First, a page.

The big news this week is that Tony Kushner (“Angels in America”) has been contracted to write and premiere a new play at the Guthrie, in 2009. It’s bound to be provocative with a working title like “The Intelligent Homosexual’s Guide to Capitalism and Socialism with a Key to the Scriptures.” And it’s hard to believe it won’t be good, too–Kushner is perhaps the only star playwright these days precisely because he rarely missteps. Better than most, he seems able to keep the pull all the right strings at all the right times in all the right places, and it never feels hackneyed or cheating or phoned-in. That’s rare. And his premiere here will be a rare treat, a feather in the city’s cap. But let’s hope he isn’t cursed by us…
The last major major playwright to premiere at the Guthrie, unless you count Brian Friel, whose “Home Place,” now playing there, is a mixed bag, was Arthur Miller, about six years ago. Surefire, right? Nope. Flashes of brilliance, but plenty of slack that wasn’t pulled in by opening night. Perhaps it’s really just the rare insight we get here into the rawness of new work, but you can’t help wondering, too, if we’re simply a safer place to debut new work before polishing it up for New York. Probably not–with the media nowadays, news of a flop anywhere gets out in a hurry–but they used to say that about Broadway shows here: debut in Minneapolis, they’ll give you a standing ovation no matter what. Good press. But maybe that’s changing, too–when I saw “The Home Place,” it was one of the first times ever, especially at the Guthrie, that a majority of people did not stand to applaud.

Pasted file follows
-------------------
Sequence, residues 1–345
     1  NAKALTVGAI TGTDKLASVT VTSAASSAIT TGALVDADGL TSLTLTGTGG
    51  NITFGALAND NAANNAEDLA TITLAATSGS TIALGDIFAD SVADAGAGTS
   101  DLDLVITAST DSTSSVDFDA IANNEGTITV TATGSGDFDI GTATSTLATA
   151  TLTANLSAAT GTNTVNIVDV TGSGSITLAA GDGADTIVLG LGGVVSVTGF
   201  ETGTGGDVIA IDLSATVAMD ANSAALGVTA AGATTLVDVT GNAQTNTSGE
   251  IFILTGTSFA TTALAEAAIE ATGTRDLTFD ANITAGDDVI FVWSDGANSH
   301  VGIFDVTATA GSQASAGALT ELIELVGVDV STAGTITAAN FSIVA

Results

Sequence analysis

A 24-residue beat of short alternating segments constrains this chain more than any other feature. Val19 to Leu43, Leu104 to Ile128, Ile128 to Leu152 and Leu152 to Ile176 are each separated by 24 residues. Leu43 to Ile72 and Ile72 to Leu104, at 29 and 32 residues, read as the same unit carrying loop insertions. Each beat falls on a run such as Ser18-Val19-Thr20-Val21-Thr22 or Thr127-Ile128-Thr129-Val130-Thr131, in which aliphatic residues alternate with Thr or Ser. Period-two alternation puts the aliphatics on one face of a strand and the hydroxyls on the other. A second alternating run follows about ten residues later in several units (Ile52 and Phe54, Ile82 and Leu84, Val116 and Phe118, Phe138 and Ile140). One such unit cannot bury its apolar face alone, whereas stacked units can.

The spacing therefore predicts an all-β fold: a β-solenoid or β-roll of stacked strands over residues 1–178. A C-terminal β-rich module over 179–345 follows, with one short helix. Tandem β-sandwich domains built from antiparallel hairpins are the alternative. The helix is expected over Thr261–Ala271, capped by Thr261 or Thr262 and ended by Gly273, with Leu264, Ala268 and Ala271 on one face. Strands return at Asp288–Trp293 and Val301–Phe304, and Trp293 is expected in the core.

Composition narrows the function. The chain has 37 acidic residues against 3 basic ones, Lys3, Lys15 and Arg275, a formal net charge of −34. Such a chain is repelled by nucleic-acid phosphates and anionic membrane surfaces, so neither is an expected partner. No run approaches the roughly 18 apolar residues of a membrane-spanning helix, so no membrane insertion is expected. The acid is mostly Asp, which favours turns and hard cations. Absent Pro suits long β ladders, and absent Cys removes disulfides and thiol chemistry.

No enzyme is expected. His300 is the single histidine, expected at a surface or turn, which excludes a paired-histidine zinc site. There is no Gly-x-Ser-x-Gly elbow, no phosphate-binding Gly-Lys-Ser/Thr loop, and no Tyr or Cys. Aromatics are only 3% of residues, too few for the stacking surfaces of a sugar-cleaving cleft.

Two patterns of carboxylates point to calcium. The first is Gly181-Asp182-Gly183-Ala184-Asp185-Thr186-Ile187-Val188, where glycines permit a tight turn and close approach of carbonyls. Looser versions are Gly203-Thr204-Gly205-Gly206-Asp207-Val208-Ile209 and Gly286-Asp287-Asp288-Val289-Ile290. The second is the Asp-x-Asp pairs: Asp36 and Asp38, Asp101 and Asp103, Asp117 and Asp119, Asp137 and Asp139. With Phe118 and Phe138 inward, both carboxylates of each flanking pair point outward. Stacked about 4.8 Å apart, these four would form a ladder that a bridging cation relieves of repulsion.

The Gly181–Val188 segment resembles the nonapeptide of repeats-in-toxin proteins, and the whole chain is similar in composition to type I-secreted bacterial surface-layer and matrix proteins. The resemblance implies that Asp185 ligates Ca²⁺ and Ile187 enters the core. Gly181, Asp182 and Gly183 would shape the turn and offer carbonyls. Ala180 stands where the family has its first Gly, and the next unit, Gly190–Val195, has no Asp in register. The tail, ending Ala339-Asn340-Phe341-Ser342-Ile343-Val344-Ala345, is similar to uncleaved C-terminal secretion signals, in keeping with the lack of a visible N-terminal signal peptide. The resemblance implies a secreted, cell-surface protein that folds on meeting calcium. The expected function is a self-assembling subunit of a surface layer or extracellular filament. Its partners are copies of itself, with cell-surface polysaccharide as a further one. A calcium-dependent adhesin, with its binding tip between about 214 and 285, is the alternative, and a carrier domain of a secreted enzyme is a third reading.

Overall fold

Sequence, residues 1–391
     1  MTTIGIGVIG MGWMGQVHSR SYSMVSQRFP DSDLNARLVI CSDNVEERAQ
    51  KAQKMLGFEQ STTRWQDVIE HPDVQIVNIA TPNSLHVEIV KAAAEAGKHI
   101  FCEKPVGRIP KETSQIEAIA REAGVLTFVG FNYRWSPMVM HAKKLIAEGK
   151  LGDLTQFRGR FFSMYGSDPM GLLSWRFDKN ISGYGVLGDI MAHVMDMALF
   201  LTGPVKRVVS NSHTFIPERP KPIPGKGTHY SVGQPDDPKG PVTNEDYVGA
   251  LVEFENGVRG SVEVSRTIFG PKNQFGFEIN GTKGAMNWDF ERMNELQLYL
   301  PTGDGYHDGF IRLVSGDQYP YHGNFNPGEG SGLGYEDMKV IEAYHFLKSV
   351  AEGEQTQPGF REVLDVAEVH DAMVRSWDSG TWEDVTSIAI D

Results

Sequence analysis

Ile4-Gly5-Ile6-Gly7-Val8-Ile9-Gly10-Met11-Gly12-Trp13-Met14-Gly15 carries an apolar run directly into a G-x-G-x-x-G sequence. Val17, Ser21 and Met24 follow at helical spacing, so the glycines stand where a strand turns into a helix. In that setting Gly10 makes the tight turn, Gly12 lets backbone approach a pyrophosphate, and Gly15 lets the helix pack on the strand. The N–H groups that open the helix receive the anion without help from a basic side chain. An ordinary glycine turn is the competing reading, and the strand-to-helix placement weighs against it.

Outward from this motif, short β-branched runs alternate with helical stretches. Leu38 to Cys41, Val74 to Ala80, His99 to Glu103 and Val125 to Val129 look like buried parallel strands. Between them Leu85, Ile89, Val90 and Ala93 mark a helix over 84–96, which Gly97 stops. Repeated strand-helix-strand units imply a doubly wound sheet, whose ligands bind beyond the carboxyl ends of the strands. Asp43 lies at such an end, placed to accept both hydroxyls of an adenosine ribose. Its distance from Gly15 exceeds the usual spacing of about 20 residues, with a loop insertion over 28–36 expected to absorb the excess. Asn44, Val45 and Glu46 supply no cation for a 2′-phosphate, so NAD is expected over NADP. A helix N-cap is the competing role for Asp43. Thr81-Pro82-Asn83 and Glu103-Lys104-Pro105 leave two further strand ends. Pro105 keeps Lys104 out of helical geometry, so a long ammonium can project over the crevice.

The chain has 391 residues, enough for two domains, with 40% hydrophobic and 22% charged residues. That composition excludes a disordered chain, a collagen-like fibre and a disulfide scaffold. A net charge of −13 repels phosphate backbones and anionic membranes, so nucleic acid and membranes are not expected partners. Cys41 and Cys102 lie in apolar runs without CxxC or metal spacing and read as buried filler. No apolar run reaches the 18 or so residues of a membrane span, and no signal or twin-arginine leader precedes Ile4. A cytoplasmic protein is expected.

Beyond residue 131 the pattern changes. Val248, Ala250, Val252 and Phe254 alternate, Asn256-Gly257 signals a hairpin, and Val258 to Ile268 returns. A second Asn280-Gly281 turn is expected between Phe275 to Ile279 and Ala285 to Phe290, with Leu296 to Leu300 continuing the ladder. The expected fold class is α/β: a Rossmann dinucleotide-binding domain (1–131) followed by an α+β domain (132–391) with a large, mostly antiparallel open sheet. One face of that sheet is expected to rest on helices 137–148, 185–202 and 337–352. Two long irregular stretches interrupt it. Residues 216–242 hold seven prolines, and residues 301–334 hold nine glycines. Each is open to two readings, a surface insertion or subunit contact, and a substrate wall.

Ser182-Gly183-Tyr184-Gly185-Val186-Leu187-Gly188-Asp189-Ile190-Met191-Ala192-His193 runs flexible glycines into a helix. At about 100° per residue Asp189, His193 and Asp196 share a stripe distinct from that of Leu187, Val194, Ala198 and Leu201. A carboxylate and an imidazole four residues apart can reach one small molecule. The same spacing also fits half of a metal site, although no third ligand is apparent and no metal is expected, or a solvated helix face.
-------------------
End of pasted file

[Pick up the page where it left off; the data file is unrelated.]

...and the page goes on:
So, this weekend–Art Attack at the Northrup King Building in Northeast Minneapolis, held Fri-Sun, Nov. 2-4, should attract anyone looking to see the most local art with the least effort (full disclosure: I’m readying my photography in a studio there for this show, as well). One notable special event–Icebox Gallery is hosting a blues party, hosted by Jazz88, on Saturday from 7 to 9.
Before you go, check out New York magazine’s recent feature: “Has Money Ruined Art,” on the art scene’s insane popularity these days.
Also, check out The Festival of Appropriation, over at the Soap Factory, sponsored by MnArtists.org. Curated by two people who not only know their stuff but could certainly qualify as hipsters: Some Assembly Required’s Jonathan Nelson and l’etoile magazine’s Kate Iverson. On Friday, November 2, from 7 to midnight, they open with a live show by hip-hop producer and collage artist Steinski.